2005N-0345 Drug Approvals: Circumstances under which an active ingredient may be simultaneously marketed in both a prescription drug product and an over-the-counter drug product
FDA Comment Number : EC1416
Submitter : Ms. Deborah Ellstrom Date & Time: 10/28/2005 03:10:23
Organization : Ms. Deborah Ellstrom
Category : Individual Consumer
Issue Areas/Comments
A. Should FDA initiate a rulemaking to codify its interpretation of section 503(b) of the action regarding when an active ingredient can be simultaneously marketed in both prescription drug product and an OTC drug product?
Please approve without further delay the over-the-counter (OTC) sale of emergency contraception - with no prescriptions required for any age group. There is no reason for any new rulemaking. The two advisory FDA committees that exhaustively reviewed data in December 2003 found that emergency contraception was safe and effective and consequently recommended OTC approval. Why have advisory committees if the FDA disregards extensive testimony already produced?

THe AMA, the American College of Obstetricians and Gynecologists and many other medical organizations have already endorsed EC access for women of all ages. This preparation has proven time and time again to be safe as prescribed for women to use with minimal supervision.

Young women of high school and early college age are certainly capable of using more complex drug delivery systems independently that that necessary to use emergency contraceptions. Or do we--using similar logic--ban the use of inhalers for asthmatics, or insulin pumps for teenage diabetics?

The apparent move by the agency to restrict access to young women, 16 years of age and younger, therefore is discriminatory and unreasonable.

B. Is there significant confusion regarding FDA's interpretation of section 503(b) of the act?
The FDA apparently intends to limit access by age, which runs counter to the recommendations and findings of both expert committees. The FDA should move quickly to approve over-the-counter sale of this safe and effective emergency contraception.

C. If so, would a rulemaking on this issue help dispet that confusion?
No. Any proposed rule would only extend the time period before a final decision on EC - OTC is made. The lengthy comment and review process is, at this point in the review process, completely unnecessary.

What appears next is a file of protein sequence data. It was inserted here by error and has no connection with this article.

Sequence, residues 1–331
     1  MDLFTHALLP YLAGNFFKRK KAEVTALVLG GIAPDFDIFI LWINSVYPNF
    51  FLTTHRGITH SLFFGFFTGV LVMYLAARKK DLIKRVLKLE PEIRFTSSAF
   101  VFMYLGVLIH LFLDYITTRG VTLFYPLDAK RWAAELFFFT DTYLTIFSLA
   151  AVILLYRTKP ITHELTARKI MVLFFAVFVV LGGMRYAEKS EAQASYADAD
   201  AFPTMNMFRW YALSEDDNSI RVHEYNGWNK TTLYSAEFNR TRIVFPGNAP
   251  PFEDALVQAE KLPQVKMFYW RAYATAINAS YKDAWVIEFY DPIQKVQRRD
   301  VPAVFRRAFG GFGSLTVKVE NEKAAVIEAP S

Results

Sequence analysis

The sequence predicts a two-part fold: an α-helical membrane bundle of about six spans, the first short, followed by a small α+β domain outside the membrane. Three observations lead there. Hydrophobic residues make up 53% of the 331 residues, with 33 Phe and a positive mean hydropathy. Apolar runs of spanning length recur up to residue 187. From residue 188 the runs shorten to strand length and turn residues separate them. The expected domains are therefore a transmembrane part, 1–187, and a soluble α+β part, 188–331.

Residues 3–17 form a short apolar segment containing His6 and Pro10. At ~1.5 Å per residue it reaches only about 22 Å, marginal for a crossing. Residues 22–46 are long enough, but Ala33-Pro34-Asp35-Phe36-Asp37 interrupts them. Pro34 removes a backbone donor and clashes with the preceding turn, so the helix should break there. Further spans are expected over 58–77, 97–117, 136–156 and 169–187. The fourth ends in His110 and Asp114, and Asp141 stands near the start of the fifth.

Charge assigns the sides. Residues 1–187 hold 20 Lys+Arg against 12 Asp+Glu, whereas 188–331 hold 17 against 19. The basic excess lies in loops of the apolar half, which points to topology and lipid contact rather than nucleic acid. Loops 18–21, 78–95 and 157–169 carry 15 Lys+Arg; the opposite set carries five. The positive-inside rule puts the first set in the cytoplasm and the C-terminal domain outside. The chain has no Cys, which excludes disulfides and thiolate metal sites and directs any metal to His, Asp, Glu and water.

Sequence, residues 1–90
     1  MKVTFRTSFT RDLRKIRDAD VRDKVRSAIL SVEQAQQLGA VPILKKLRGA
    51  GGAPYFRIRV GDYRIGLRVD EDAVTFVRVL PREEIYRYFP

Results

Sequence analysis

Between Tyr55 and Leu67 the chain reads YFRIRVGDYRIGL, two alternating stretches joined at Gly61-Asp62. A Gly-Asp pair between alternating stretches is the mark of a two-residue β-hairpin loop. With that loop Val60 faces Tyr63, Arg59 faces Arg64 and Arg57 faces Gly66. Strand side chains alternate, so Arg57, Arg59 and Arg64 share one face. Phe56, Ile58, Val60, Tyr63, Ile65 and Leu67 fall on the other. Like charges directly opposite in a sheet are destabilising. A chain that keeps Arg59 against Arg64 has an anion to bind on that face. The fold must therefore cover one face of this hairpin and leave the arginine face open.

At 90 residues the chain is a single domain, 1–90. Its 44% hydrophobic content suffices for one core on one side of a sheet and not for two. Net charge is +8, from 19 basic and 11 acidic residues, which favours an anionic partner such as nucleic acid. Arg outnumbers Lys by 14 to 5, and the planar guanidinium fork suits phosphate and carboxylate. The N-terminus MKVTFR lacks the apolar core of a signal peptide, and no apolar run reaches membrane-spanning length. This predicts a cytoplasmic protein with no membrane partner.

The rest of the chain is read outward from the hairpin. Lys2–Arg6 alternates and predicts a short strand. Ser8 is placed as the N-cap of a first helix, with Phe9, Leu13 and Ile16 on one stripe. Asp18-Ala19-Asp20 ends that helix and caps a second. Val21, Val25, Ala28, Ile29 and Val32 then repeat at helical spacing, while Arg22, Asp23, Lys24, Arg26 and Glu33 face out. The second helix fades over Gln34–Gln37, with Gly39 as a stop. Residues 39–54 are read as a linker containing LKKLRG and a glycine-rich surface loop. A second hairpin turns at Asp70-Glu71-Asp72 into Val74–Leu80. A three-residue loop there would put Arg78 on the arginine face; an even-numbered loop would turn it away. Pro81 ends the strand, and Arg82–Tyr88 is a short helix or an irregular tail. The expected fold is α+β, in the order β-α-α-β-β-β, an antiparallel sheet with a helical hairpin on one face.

A. If FDA limited sale of an OTC product to a particular subpopulation, e.g., by making the product available to the subpopulation by prescription only, would FDA be able to enforce such a limitation as a matter of law?
Certainly, there exists regulation of sale of some substances--for example, beer or cigarettes--to purchasers under a certain age. These restrictions do not directly involve healthcare, and absolutely do not involve sale of medication that is designed to work effectively within a period of a few days. Sale of emergency contraception most certainly does.

Limiting sale of emergency contraception to young women is a bad idea. Further regulatory interference to deny young women the means to prevent pregnancy is simply inappropriate.

The FDA's job is to determine safety and efficacy; this has already been proven throughout the already completed review process.

B. If it could, would it be able to do so as practical matter and, if so, how?
It is inappropriate to do so.

A. Assuming it is legal to market the same active ingredient in both a prescription and OTC product, may the different products be legally sold in the same package?
The marketers would not be rquired to use different packaging if emergency contraception were to become universally available.

B. If the two products may be lawfully sold in a single package, under what circumstances would it be inappropriate to do so?
THere would be no situation that would render packaging an issue if emergency contraception were to become available as over-the-counter for all age groups.
I have always considered the Food and Drug Administration to be a responsible, professional science-based organization. As a trained chemist, I have put my trust in the professionals involved in the review process at the FDA. I'm not so certain I can trust future FDA findings without a detailed examination of the proceedings behind the findings. <sigh>

This proposal--to restrict access to emergency contraception for women 16 and under--makes no rational or scientific sense.

The determination to restrict or ban emergency contraception to certain age groups or populations should only be based on data investigating the safety and effectiveness of emergency contraception, and not on religious or philosophical grounds.

Emergency contraception is currently available without prescription in many countries and in eight states in the U.S.

Please make the decision to allow emergency contraception